A Call for Change

In this post, I write as a Black educator struggling to understand why change is so hard. Over the years, I’ve had many colleagues and administrators who “understand” my position, and yet when it comes to enacting change, the status quo is upheld. If you understand my position and can support me in the private moments when you come to “pick my brain”, why is it so hard to support my position in public? Understanding to me means that you have heard me and are willing to do something about this new knowledge. Now, don’t get me wrong, I am not expecting that everyone should change their practice to accommodate my preferences but when real harm is being done in schools and they are voiced, I expect that these voices would not be silenced and dismissed. Here are 2 ways that I think we can do better.

Think Critically to Understand the Why

The old adage, “We’ve always done it this way” is dangerous. Just because something has always been done, doesn’t mean that it needs to continue.  Throughout my career, the people I have admired or respected the most have been those who have been reflective on their practice. Years ago, I remember myself and a colleague often popping by our VP’s office to just sit and talk at the end of a day. It became common practice – that probably annoyed our VP at the time – but it was a time to debrief and to think critically about our day and next steps. In speaking aloud and reflecting on lessons or upcoming school events, it became a space where we asked the important question, “why?” In these moments, I learned the value of being intentional in my practice. When there has been no substantial or good answer to the question, I often sit with the origin of the practice and consider how I got started using it. The first way that I think that we can bring about change in our schools for the better is to think critically about why we do what we do. With a clear understanding of “why”, we can choose which practices we continue and which ones we should consider changing or eliminating altogether. 

Speak up!

Many may recall my post from months ago on “Crazy Hair Day”.  The number of people who messaged publicly and in private was amazing. People taking the time to read, reflect, and reconsider made me think that my moment of vulnerability might possibly bring about some change for the many harmed by this practice that has no place in schools. While I don’t see as many pictures of the days on Social Media, I’m not naive enough to think that they no longer happen. Earlier this month in a meeting, the topic came up again and there were a number of sighs in the room. While sighs are a step up from remaining silent, without a justification for the sigh, there’s no conversation on what evoked the sigh. In that moment, I wished that all the messages around the harm of Crazy Hair Day would have been voiced. I wish that those who mentioned the inequity online and those that mentioned their feelings of uncertainty through messages would have taken the time to speak up, rather than looking to me to say something. One person came to me and asked why I didn’t speak up and I said that I always do and have written on the topic publicly. In that space, every person knew my perspective. As I packed up my bags to leave, I didn’t bother to ask my colleague why they didn’t speak up. The last time I asked them this, they said, “Yes, I should have said something.” My ask is this, please stop relying on that colleague who is seen as the disrupter to always speak up. They’re tired. Use your privilege and voice to do what you so proudly do in private. We need you to talk on these matters when they actually matter. As Maya Angelou said, “Do the best you can until you know better. Then when you know better, do better.” If you’ve heard or learned that something is problematic, please turn that learning into action by speaking up. If as a collective we speak up, then there is a greater opportunity for change.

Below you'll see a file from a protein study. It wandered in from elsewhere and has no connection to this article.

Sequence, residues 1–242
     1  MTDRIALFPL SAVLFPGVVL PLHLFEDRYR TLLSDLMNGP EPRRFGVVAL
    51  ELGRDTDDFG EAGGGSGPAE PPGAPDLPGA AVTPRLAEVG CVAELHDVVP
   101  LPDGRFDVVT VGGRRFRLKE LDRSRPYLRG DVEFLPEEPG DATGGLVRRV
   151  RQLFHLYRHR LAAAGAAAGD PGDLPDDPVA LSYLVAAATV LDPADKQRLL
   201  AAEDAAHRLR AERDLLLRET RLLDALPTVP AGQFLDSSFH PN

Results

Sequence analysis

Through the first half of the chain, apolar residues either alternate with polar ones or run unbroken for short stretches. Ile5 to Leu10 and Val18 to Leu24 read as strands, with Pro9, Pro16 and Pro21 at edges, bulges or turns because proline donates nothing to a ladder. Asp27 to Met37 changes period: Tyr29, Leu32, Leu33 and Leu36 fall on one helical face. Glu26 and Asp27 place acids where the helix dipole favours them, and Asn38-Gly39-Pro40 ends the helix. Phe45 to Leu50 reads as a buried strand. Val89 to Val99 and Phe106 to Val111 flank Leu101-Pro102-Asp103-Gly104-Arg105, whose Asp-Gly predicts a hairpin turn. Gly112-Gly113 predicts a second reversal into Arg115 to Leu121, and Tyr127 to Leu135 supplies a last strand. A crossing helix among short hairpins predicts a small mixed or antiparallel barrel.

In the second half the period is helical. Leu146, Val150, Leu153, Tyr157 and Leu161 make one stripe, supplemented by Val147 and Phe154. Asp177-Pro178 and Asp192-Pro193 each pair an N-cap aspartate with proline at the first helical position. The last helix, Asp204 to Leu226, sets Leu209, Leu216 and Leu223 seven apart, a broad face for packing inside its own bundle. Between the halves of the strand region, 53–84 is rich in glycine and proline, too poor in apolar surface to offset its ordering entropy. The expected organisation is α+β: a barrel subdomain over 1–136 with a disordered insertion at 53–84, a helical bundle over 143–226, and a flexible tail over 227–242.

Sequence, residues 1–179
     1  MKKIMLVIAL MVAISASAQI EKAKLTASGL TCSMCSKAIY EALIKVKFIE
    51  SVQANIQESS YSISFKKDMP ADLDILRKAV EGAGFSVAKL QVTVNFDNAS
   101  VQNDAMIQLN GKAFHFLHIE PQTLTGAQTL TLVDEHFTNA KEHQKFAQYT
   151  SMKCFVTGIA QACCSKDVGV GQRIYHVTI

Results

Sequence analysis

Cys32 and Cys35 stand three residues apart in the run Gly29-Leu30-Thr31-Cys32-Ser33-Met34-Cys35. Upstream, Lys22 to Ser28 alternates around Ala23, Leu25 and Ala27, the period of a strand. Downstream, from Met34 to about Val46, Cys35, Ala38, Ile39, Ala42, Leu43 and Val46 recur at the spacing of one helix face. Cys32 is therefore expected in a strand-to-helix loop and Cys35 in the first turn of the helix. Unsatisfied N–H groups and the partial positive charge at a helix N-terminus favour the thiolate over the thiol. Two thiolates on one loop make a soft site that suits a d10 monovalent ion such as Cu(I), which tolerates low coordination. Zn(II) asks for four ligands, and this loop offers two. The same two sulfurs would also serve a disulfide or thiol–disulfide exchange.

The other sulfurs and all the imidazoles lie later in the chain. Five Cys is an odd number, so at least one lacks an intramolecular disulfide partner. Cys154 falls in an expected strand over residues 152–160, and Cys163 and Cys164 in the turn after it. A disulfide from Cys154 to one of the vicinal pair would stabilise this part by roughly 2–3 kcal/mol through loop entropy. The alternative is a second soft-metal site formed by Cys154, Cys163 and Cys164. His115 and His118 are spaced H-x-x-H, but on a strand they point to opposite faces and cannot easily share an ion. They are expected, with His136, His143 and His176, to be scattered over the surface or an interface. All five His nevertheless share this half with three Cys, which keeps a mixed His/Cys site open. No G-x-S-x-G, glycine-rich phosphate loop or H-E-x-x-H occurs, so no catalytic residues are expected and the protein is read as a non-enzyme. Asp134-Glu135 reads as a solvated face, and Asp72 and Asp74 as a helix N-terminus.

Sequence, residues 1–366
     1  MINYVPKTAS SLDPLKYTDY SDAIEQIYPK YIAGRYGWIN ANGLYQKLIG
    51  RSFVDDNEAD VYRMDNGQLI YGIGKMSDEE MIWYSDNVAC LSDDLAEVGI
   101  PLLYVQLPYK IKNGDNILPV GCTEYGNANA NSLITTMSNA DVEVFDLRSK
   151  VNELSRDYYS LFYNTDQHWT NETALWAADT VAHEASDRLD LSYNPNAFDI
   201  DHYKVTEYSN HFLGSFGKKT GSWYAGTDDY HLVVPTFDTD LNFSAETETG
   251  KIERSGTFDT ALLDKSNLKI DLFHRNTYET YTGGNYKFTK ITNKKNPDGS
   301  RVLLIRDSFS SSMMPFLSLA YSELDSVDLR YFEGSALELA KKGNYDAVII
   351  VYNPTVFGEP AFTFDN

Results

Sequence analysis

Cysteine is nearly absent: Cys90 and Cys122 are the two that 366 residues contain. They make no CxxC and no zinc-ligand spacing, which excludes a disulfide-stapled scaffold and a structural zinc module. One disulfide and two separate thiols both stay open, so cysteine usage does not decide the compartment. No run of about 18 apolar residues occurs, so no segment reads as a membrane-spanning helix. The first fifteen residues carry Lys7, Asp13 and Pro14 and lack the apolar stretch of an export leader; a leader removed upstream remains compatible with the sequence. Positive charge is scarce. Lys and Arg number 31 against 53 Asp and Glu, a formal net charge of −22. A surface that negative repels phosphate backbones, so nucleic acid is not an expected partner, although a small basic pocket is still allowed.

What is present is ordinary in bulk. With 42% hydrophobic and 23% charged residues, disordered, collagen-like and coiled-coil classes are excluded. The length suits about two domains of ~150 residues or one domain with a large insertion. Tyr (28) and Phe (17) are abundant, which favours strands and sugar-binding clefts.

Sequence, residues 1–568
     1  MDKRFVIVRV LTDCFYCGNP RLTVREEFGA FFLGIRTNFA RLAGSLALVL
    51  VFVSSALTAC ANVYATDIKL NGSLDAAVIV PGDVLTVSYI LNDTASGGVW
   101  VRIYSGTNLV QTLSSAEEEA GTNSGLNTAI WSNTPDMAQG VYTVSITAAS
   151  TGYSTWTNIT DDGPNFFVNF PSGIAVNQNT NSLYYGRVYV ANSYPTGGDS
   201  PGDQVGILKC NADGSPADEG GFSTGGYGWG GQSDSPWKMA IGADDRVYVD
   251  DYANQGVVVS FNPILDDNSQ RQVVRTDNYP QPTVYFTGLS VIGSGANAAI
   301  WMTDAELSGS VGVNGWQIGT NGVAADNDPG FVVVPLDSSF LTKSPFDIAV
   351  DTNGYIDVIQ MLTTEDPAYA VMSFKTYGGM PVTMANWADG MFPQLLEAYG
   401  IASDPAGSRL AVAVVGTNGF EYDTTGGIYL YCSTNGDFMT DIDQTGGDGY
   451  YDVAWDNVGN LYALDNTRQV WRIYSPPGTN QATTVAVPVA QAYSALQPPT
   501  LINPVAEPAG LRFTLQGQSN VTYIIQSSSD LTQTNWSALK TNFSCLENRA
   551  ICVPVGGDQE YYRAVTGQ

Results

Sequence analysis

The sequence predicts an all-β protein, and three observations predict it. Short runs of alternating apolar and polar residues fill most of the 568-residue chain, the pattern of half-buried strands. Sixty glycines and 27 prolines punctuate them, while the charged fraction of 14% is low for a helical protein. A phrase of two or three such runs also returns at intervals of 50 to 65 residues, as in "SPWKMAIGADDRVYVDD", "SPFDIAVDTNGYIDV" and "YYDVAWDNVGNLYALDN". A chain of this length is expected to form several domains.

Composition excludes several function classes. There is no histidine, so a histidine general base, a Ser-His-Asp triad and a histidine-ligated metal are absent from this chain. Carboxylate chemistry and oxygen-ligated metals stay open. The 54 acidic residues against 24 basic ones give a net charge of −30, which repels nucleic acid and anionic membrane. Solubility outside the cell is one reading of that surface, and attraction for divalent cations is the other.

I know that we are all on a journey of learning. My call for change today is that this learning includes action. Think critically about practice. Ask the “why”. Speak up; particularly when you have privilege in a space. Your voice is needed to enact tangible change.

Updated: November 26, 2020 — 10:43 am

The Author

Arianna Lambert

I'm a Grade 5 Teacher in the Toronto District School Board who loves integrating technology and mindfulness in the classroom. Through inquiry and design, I work with students who are engaged in meaningful learning opportunities; developing core competencies, while creating ways to make the world an even better place. I am the recipient of a TDSB Excellence Award for the co-creation of #tdsbEd, Twitter chats for educators. Through conversations on trends in Education from STEAM to Mindfulness, it has become an online community of educators dedicated to improving their practice to ensure greater student success, well-being and achievement.

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